The UK Government has opened a public consultation on whether it should proceed with the decriminalisation of TV licence evasion by replacing the criminal sanction with an alternative civil enforcement scheme.
The Government believes that it is right to look again at decriminalising TV licence evasion in order to ensure a proportionate and fair approach to licence fee penalties and payments is in place, which protects the most vulnerable in our society.
The consultation will seek responses on whether to decriminalise evasion and give consideration to how this could happen. The determining factors that the Government will consider include:
Writing an Opinion Piece in the Daily Mail, Culture Secretary Nicky Morgan notes the emergence of streaming players such as Netflix, Amazon, Google and Apple and that people now spend three times as much time watching subscription services such as Netflix than they do BBC iPlayer.
“I believe, no matter how well-funded these international streaming giants are, UK public service broadcasters are vital,” she stated. “We need our national broadcasters to bring people together, to reflect our common values, and to showcase these values to the world,” she said, recognising the breadth of the BBC’s output – from radio and TV to podcasts and online. “But the pace of change is fast. Broadcasters which do not remain relevant will find themselves left behind by viewers. So we need to think carefully about how the BBC – and indeed public service broadcasting more generally – can stay relevant in the years ahead,” she said.
“As we move into an increasingly digital age, where there are more and more channels to watch and platforms to choose from, it is clear that many people consider it an anachronism that you can be imprisoned effectively for not paying for your TV licence,” she declared, suggesting there remain “legitimate concerns” that the criminal sanction for TV licence fee evasion is unfair and disproportionate.
According to Morgan, accountability and value for money for taxpayers must be at the heart of how the BBC is funded. “That’s why we have made the BBC be more transparent about what it pays its highest-earning stars. Our mission is to help public service broadcasters be better prepared to meet the challenges of the digital age,” she advised. “We make no apology for being bold and ambitious. As the world around us changes, our laws must change too. It will require the BBC to be innovative and to move with the times.”
DCMS Committee Chair Elect Julian Knight MP said: “Today’s announcement from the Government which could see an end to people getting a criminal record for not buying a TV licence marks a significant shift in the broadcasting landscape, with major implications for the future of the BBC.
“With negotiations on its funding due to start later this year, there’s a need for an urgent and open conversation about how people consume media and how they should pay for it.
“As Chair I’ll be urging the DCMS Committee to take the lead on steering the BBC towards a new and sustainable funding model which ensures the most vulnerable in our society do not lose out.”
The BBC said that a detailed government-commissioned review (in 2015) had found the current system to be the fairest and most effective.
“It did not recommend change – in part because the current system is effective in ensuring payment with very few people ever going to prison.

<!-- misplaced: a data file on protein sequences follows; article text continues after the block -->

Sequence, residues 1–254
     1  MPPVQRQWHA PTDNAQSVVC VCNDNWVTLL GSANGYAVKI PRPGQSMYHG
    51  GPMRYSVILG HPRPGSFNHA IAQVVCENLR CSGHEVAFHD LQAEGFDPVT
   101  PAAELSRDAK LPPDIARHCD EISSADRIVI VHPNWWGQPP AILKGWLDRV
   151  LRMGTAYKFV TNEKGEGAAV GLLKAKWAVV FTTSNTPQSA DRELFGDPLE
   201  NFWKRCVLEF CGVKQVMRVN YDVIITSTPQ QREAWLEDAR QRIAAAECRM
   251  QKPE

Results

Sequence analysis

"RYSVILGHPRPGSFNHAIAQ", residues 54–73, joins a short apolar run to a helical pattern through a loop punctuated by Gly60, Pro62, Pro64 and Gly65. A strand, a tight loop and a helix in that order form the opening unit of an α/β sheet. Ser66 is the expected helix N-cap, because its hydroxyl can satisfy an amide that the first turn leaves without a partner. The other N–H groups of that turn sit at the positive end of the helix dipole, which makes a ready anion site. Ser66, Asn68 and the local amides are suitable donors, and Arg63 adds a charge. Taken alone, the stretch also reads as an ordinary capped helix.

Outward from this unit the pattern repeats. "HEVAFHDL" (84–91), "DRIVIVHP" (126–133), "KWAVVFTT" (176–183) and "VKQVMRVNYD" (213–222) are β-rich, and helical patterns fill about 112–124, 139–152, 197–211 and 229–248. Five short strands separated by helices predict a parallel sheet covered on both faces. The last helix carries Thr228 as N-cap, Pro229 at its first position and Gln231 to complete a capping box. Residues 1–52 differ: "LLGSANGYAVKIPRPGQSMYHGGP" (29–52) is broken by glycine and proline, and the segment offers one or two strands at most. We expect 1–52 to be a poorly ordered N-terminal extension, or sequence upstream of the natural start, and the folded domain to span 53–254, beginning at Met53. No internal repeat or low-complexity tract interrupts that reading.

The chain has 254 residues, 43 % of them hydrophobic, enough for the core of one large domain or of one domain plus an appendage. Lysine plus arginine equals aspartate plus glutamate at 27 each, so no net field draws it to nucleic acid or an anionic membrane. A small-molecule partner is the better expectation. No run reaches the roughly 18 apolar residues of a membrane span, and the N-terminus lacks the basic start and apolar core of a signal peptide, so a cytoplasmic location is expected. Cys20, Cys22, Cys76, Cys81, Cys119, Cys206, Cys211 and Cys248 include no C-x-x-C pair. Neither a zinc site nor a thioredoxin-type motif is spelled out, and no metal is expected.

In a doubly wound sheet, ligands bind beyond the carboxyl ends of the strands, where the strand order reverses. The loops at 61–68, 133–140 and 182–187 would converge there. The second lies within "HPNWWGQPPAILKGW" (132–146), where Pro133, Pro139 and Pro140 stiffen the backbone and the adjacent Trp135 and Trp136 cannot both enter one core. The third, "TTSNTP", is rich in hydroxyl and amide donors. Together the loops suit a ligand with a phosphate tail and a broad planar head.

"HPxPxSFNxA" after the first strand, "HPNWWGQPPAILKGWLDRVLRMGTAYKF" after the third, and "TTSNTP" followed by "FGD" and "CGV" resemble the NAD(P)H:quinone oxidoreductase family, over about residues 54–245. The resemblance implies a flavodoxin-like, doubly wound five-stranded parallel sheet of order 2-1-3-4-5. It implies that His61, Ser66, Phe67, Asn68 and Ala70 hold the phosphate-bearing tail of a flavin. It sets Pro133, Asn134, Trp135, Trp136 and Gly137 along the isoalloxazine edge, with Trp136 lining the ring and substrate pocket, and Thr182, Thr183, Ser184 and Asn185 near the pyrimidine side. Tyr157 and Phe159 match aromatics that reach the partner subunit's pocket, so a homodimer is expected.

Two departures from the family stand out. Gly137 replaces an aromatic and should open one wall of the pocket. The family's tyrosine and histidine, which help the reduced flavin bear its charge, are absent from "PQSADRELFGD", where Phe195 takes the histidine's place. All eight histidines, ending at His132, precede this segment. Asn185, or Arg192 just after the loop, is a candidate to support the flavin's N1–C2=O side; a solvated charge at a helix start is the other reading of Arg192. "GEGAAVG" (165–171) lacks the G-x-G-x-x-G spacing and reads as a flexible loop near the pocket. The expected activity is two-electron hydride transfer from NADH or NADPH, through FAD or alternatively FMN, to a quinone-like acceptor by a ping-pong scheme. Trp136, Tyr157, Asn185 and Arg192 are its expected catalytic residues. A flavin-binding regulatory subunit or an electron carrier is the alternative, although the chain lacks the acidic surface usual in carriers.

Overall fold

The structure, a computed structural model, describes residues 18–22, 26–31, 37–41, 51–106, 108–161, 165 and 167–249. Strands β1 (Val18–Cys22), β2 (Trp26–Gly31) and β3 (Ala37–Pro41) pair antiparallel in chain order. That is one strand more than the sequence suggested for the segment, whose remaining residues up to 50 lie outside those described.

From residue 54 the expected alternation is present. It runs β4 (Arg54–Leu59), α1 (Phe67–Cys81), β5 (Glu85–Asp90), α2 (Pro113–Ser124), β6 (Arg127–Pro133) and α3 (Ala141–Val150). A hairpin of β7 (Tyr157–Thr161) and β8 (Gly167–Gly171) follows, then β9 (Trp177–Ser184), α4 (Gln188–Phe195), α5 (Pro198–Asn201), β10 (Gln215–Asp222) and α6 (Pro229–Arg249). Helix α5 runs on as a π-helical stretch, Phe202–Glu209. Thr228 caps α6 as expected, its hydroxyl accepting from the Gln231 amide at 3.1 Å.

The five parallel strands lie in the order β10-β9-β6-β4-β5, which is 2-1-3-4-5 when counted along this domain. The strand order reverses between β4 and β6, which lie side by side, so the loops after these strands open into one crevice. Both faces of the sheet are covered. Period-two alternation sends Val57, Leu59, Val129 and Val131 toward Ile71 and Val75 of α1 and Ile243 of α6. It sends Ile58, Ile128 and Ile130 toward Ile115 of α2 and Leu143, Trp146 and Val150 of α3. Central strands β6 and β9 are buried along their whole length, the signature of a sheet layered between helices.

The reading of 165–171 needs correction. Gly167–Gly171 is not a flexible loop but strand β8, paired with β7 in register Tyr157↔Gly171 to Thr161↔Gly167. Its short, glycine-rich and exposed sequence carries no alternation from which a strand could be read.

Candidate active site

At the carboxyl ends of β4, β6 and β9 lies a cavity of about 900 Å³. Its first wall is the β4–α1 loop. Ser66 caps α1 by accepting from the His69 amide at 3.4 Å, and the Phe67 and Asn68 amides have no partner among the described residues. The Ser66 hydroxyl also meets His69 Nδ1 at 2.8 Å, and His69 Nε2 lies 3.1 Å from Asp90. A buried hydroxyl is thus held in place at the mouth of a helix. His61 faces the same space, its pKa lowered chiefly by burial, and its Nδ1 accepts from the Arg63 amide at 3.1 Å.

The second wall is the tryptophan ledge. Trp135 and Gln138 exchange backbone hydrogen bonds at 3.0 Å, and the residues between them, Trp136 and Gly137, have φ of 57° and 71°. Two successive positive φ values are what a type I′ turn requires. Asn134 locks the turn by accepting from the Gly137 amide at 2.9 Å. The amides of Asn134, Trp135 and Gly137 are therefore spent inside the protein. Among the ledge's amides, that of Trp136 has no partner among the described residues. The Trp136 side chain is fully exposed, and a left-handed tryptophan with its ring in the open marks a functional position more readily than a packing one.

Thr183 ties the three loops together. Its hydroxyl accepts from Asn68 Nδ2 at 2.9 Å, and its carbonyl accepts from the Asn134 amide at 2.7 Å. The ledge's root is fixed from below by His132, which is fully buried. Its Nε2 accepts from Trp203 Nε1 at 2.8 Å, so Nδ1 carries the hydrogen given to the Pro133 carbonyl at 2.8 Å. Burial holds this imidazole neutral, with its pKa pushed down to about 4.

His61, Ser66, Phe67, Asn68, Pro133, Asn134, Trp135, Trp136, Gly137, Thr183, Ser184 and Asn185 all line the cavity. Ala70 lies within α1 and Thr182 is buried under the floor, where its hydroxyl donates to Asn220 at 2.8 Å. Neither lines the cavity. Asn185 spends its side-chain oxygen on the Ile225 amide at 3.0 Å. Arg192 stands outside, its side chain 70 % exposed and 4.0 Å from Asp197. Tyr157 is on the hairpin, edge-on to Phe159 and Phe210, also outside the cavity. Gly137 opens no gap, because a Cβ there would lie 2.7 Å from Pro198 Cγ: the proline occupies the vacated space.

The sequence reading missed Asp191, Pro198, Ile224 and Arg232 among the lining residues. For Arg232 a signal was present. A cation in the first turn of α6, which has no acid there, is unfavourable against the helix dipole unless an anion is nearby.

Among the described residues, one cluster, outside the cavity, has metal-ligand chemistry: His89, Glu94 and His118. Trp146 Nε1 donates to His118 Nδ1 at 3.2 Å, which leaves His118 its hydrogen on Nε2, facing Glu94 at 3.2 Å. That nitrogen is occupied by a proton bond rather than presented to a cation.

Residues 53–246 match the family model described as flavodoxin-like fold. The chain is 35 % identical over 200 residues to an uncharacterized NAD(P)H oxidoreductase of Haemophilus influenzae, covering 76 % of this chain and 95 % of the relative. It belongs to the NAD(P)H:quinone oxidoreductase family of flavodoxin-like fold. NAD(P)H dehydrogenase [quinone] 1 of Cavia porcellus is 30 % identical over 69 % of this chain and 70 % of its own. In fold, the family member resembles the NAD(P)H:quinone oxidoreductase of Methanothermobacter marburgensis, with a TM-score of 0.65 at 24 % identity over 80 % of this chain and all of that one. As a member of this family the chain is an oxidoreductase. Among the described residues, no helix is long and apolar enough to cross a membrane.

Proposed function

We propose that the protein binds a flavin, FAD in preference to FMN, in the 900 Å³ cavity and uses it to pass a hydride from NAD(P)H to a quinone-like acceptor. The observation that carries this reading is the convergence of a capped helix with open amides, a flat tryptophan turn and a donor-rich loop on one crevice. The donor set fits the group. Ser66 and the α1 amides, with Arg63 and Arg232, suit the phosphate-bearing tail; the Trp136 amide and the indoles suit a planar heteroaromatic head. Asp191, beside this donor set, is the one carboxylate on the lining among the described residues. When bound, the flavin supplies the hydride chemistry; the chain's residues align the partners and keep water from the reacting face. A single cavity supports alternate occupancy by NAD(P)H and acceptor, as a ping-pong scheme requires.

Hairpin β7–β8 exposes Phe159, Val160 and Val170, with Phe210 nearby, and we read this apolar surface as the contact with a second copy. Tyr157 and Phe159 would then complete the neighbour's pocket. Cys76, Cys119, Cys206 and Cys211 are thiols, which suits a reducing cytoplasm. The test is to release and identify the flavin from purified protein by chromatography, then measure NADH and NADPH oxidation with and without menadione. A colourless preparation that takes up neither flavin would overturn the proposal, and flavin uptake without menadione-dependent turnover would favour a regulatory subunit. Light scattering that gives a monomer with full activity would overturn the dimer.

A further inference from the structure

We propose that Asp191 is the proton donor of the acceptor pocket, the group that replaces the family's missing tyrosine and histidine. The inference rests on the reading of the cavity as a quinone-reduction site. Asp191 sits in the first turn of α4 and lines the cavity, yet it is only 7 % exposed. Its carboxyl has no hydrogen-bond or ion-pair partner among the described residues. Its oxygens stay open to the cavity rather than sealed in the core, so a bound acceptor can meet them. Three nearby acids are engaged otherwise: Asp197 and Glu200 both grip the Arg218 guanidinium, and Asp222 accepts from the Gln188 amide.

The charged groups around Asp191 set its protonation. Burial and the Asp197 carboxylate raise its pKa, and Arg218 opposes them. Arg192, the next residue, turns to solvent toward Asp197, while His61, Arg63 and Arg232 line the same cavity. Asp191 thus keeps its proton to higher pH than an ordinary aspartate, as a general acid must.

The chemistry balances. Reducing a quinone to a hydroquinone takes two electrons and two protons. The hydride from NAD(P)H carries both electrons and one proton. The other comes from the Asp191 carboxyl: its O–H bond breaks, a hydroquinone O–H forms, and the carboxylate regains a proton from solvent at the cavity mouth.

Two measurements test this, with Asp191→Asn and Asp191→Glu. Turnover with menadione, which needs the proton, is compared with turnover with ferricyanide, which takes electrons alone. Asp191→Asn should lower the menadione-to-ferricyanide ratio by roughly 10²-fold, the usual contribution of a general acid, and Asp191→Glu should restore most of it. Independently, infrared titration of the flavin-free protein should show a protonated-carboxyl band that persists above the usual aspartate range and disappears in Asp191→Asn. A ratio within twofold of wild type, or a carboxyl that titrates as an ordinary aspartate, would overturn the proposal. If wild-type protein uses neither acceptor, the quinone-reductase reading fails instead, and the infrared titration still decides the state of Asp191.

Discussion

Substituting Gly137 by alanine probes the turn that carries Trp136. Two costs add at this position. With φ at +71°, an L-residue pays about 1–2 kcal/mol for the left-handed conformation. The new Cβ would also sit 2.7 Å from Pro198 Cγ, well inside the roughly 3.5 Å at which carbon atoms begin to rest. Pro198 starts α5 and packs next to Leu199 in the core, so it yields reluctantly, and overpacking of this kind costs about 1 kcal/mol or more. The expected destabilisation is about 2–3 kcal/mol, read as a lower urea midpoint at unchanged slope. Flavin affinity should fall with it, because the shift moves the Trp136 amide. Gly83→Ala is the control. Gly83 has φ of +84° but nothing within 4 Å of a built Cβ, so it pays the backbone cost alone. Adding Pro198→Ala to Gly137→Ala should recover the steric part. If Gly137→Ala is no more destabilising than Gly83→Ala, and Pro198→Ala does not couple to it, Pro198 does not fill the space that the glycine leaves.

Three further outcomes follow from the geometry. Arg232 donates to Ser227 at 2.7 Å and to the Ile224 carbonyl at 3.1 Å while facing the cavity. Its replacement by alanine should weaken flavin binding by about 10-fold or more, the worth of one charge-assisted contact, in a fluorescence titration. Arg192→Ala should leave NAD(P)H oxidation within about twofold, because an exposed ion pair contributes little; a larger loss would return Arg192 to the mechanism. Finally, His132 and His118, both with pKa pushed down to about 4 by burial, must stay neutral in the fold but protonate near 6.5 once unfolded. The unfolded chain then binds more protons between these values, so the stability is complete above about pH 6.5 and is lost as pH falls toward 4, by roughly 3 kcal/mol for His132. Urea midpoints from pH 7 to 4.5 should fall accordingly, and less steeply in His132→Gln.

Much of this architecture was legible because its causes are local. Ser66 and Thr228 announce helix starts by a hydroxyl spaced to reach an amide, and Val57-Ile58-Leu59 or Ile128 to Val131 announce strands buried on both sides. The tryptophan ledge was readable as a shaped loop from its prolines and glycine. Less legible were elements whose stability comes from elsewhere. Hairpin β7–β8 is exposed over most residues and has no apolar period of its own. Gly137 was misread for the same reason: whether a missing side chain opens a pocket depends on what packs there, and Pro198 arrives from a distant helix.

“If there are changes, they must be fair to law-abiding licence fee payers and delivered in a way that doesn’t fundamentally undermine the BBC’s ability to deliver the services they love.”
Under the Communications Act 2003, a TV licence is required to install or use a television receiver. Everyone in the UK, and the Crown Dependencies, who watches or records television from any provider as it is broadcasted, and/or who watches content on BBC iPlayer, whether it is on television sets, computers or other devices, is required to be appropriately licensed. The Government has committed to the TV licence model and the circumstances under which a TV licence is required for the rest of the current Royal Charter (the Charter) period, which will end on 31 December 2027.
Currently, a person who installs uses a television receiver or watches content on BBC iPlayer without a TV licence is guilty of a criminal offence. This is known as TV licence evasion. TV licence evasion in and of itself is not an imprisonable offence and will not lead to a criminal record in most cases. However, non-payment of the fine imposed, following a criminal conviction, could lead to a risk of imprisonment.
The BBC, operating under its trademark TV Licensing, is responsible for collecting and enforcing the TV licence. It uses a range of methods to encourage people who require a TV licence to purchase one; it says that imprisonment is a ‘last resort’ option for the court where all other methods of enforcement have been unsuccessful.
The Government expects that any changes to the enforcement of the TV licence would take effect in the upcoming licence fee settlement period. This is sceduled to begin in April 2022 and last for a period of at least five years. The Government will, therefore, work closely with the BBC and TV Licensing to ensure that any changes will be delivered in a manageable and efficient manner. The Government will consider the future of the TV licence model ahead of the next Charter.
This consultation will be open for a period of eight (8) weeks. The Government will then consider carefully the responses and expects to publish a response by summer 2020. Subject to the findings of this consultation, the Government may need to consult further on the detail of any potential changes to the current enforcement model before taking a final decision.
The closing date and time for responses is 5pm on April 1st 2020.